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Stedfast v. Nicoll.
thumous son to A. This was undoubtedly understood and received to be the rule of the common law. But, on the other hand, if the remainder man, in such case, had taken by descent, or per formam doni, instend of by purchase, then, by the common law, the posthumous son would have devested the estate. This rule, notwithstanding it appeared to be so well established, was, however, shaken by the house of lords, on a writ of error, in the case of Reeve v. Long, in which they reversed the judgment of the K. B. on this very rule, and, as it is said, against the opinion of all the judges. This case gave occasion to the statute of 10 & 11 Wm. III. c. 16, to enable posthumous children to take estates, as if born in the lifetime of their fathers. It recited, “that whereas it often happened that by marriage and other settlements, estates were limited in remainder to the 11se of sons and daughters, the issue of such marriage, with remainder over, &c. by which means such sons and daughters, if they should be born after the decease of their father, were in danger to be defeated of their remainder," &c. and it enacted, that in case of estates then or thereafter so limited, the posthumous children should take by virtue of such settlement, in the same manner as if born in the lifetime of their father, &c.(a)
This act was enacted by the Colony legislature in 1774, and repealed in 1788. (Sess. 11, c. 73, s. 1.) It was probably, suppose.), at the time, that the provision in a former act, which I have mentioned, was comprehensive enough to reach every case. We are, therefore, still obliged to recur to the principles of the common law, to determine whether the
posthumous son can take as a purchaser in the case stated. The decision of the house of Lords in the case of Reeve v. Long, a little prior to the *statute of Wil-  lian III. does, indeed, settle the question in favor of the posthumous son, if that decision is to be regarded as a
(a) [Old note.] Lord Loughborough says, that the object of this statute was not to affirm the case of Reeve v. Long, though ic did by implication affirm it; but it established that the same principle should govern where the limitation was by deed of settlement. (4 Ves. jun. 342.)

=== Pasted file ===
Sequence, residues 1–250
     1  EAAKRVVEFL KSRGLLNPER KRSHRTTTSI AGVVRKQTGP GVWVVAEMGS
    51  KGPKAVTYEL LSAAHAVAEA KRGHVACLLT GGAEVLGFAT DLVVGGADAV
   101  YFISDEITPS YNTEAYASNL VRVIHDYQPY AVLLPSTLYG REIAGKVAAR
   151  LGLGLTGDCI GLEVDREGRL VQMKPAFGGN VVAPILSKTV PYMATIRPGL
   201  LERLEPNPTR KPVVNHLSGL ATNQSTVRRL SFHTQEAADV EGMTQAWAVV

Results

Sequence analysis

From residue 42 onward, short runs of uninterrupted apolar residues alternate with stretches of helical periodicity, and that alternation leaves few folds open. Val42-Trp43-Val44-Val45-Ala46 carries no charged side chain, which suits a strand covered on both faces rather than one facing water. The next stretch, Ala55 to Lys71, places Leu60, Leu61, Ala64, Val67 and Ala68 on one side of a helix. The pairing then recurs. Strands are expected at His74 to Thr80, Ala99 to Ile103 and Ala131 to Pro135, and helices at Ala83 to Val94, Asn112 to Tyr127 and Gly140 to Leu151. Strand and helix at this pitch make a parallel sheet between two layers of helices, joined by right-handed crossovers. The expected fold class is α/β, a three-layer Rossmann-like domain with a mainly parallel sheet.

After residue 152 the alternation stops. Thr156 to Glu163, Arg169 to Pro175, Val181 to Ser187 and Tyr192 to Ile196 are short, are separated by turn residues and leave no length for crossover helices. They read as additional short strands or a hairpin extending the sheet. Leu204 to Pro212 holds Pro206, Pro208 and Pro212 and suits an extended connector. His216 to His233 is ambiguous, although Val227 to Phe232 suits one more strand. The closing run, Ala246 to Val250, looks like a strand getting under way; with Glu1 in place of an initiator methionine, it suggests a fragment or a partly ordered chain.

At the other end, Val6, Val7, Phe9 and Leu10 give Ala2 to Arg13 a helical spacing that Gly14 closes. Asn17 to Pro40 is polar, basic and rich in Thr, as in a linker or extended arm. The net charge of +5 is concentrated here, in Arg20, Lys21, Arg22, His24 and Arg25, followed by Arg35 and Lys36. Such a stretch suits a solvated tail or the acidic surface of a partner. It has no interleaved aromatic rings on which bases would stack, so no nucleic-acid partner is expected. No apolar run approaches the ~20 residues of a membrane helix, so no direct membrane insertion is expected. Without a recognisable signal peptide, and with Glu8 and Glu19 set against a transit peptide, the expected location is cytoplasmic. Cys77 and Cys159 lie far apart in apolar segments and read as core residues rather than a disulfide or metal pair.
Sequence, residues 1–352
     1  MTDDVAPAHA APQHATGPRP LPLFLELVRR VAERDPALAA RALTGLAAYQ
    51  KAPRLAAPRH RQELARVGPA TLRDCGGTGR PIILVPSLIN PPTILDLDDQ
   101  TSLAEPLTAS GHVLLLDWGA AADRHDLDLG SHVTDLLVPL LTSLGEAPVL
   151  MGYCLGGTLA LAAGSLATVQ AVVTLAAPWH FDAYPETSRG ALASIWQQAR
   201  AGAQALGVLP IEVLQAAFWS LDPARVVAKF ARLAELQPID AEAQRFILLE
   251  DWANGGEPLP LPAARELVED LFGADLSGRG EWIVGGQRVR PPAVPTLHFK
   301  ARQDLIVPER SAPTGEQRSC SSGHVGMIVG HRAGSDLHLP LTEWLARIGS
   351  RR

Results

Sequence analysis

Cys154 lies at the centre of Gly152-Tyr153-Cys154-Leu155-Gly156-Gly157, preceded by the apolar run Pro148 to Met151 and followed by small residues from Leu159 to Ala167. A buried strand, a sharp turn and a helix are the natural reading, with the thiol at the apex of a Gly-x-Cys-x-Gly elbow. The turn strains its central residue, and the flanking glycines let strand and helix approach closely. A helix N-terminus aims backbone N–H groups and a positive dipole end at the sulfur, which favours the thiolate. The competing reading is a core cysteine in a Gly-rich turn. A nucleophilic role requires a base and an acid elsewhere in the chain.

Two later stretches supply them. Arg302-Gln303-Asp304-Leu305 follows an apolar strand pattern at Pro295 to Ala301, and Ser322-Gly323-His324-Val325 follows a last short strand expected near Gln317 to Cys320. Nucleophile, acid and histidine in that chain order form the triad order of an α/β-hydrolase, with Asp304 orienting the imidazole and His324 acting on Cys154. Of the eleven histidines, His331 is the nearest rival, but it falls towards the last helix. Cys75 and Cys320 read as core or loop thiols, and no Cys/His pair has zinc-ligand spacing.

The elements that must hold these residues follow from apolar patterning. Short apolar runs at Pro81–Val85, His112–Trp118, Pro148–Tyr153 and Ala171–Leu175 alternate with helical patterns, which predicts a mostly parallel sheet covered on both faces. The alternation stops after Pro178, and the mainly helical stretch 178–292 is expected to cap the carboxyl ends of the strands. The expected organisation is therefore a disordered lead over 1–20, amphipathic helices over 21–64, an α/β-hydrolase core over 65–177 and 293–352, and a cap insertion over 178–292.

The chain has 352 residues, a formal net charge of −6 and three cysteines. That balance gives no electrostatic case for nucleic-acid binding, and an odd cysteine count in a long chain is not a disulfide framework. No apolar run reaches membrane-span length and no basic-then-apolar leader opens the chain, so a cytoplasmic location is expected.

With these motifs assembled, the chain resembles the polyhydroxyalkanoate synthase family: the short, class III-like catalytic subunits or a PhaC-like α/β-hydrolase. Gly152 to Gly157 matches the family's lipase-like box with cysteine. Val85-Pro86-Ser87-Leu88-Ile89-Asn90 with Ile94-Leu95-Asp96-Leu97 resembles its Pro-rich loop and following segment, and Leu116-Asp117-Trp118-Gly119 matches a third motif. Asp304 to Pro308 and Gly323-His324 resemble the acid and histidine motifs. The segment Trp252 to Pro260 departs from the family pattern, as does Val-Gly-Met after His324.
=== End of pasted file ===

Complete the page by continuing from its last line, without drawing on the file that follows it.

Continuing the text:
Stedfast v. Nicoll.
conclusive authority. I am satisfied, that it was in opposition to the old technical rule, that a remainder must vest, either during the particular estate, or else at the very instant of its determination. This rule was founded on feudal principles, and wasintended to avoid the inconveniences which niight arise by admitting an interval when there should be no tenant of the freehold; as well as to preserve an uninterrupted possession between the particular estate and that in remainder. The reason of the rule has, therefore, in a great degree, ceased ; and I should be very unwilling to revive it, unless I felt myself absolutely bound by authority, especially when it went to defeat the claims of a posthumous son merely because he was posthumous. On the other hand, the decision of the house of lords, on a question of law bronght regularly before them, by writ of error, must be regarded as of the highest authority. The circumstance of the lapse of a century since that decision was made, during which time it has stood unchanged, cannot but add to the force with which it presses upon the question before us. Since that time the rights of posthumous children have been constantly extending. Au infant en ventre sa mere has been considered, independant of the statute of William III. as in actual existence, for many purposes, according to the maxim of the civil law, posthumus pro nato habetur. (1 Vesey, 86. 5 Term Rep. 49. 4 Vesey, jun. 241, 242. 322. 325. 334, 335.) “I know of no argument," says one of the judges, (Grose, J. in Lancashire v. Lancashire,) " founded on law or natural justice, in favor of the child who is born during his father's life, that does not equally extend 10 a posthumous child; and, in a lale case, (2 H. Black. 400.) the court go so far as to say that it is now settled, that an infant en ventre sa mere shall be
considered, generally speaking, as born, for all pur(*29] poses for *his own benefit. In that case, Ch. J. Eyre